Despite the economy’s ups and downs, companies are trying to keep the best talent because they are not able to find and hire qualified workers fast enough. So that’s why counteroffers to employees who get job offers are becoming more common. And the main reason for making a counteroffer is to hold onto employees with hard-to-find skills.
What is a counteroffer?
A counteroffer happens when you have accepted another employment offer and your current employer comes back with new terms (salary, bonuses, senior role, etc.)
If you faced any kind of problems, be open and communicate with your boss. Don’t solve problems by running away, taking another opportunity just because it’s easy to avoid unpleasant discussion about your problems won’t solve anything, act like adult. Avoiding the discussion is not always the best way forward. If you don’t ask, you don’t get.
Reasons that companies make counteroffers
- They don’t want to fill a vacancy within the timescale associated with your notice period.
- Costs connected with hiring (time of hiring a team, fees for agencies and/or for advertising, costs for training).
- Employer just buying himself time to find a replacement for you.
What methods your employer is going to use
First of all, there will be the shock that you are going to leave and lots of questions about why are you not happy or where is the problem. If the company is trying to keep you they will start with:
- Promises or future considerations.
- Unveiling new plans for your current role.
- Presenting new challenges that you will have within their company.
- We were just about to give you a promotion and a big raise.
- They will point out the emotional attachments with current work colleagues (“Without you, the team will be incomplete,” “You’re too valuable, and we need you,” etc.).
Considering a counter offer?
Examine your initial reasons for wanting to change employment, money is still a huge motivator for many employees, but it is important when considering a counteroffer that you always keep in mind what your reasons were for pursuing a job with another company in the first place. So ask yourself the following questions:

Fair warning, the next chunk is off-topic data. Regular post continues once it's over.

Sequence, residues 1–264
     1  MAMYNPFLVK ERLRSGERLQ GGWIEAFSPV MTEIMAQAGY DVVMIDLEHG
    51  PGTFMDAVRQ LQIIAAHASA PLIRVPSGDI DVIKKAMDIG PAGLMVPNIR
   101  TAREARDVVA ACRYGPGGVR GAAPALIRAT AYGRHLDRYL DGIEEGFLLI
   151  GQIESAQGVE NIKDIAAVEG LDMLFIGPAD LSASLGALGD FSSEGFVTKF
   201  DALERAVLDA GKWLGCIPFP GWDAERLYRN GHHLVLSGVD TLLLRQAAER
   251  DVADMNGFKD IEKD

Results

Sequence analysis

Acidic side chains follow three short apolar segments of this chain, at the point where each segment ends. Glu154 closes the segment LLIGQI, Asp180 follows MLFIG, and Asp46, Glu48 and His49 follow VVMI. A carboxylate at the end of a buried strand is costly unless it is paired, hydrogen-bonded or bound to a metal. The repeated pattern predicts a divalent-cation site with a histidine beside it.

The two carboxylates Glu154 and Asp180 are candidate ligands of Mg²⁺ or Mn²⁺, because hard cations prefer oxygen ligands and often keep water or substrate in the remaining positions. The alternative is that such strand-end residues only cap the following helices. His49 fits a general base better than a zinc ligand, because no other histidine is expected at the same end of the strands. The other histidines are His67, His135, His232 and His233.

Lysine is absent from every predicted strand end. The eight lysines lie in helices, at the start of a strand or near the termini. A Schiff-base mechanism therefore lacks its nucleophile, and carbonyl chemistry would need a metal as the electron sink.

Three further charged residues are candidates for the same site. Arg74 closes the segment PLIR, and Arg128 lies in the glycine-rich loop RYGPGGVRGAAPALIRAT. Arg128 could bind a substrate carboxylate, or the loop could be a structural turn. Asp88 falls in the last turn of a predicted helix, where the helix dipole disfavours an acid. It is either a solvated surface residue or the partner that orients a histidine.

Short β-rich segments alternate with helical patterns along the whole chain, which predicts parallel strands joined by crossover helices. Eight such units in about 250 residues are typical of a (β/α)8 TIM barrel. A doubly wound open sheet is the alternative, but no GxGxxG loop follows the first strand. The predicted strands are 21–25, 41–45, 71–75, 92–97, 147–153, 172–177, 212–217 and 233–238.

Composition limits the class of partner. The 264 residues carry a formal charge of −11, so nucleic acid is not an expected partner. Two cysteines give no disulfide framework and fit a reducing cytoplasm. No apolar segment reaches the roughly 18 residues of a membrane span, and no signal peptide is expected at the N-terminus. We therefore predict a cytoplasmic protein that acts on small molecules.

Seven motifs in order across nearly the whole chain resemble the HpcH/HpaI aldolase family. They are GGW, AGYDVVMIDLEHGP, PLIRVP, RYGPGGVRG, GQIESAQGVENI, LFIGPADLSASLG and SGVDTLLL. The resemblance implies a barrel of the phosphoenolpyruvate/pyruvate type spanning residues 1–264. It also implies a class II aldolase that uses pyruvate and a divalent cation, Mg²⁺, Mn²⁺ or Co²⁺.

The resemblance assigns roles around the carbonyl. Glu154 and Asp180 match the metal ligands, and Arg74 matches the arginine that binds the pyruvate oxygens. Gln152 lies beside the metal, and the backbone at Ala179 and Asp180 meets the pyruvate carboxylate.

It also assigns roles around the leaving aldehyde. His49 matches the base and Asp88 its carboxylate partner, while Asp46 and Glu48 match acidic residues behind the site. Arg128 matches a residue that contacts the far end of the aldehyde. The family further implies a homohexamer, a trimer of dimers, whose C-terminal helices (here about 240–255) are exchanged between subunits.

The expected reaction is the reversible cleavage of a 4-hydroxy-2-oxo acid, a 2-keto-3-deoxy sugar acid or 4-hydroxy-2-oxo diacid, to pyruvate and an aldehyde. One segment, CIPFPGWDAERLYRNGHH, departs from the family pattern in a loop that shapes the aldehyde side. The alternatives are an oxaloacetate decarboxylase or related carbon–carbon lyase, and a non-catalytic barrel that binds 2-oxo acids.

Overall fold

First question needs to be always:
- Does the counteroffer eliminate the reasons why you decided to leave?
- If you stay, will your boss or the team take your resignation and interpret it as disloyalty?
- Is the new challenge and counteroffer good enough for you to stay?
- Do you have possibility for career progression at your current job?
- Is your boss just buying time to find a replacement?
- If the company is offering more money for your work, ask yourself where was this appreciation in your last promotion/performance review?
Why not to accept a counteroffer?
While it may be tempting to accept it, research shows that accepting a counteroffer can affect your career. If you accepted a counteroffer, you’ve already compromised your loyalty in the eyes of your boss or at least some in the company. You will have the mark of the person who is already thinking about leaving the company and if your boss needs to fire somebody from the team, your name will probably be at the top of his list.
- You can be expensive for your company and will likely be replaced by someone who is considered more loyal and cheaper.
- Accepting a counteroffer can be career suicide.
- Your employer may begin the cutbacks with you, during tough times.
- Reasons for wanting to quit will still remain although they may be temporarily shaded.
- Accepting a counteroffer is most likely an emotional rather than an intellectual decision. You feel that your team is not going to survive without you. Don’t worry, they will survive so move forward.
What to do when you accept the counteroffer?
If you decide to accept the counteroffer and stay with your current company, it is important to remember that your resignation has not been forgotten. And you need to work twice as hard to regain employer’s trust. You need to do what is in your best short and long-term interests.
Counteroffers don’t work!
It is very rare that a counteroffer is successful in the long term. The main reasons that you started looking for a new job reappear again and/or your current employer won’t be able to keep all of the promises they have made in the counteroffer. You already had a reason that you thinking about leaving, because there’s something you want out of your job or career that you aren’t receiving with your current employer.
Each counteroffer situation is different though. But it’s your career after all!
What are you experience with counteroffers?
Originally published at LinkedIn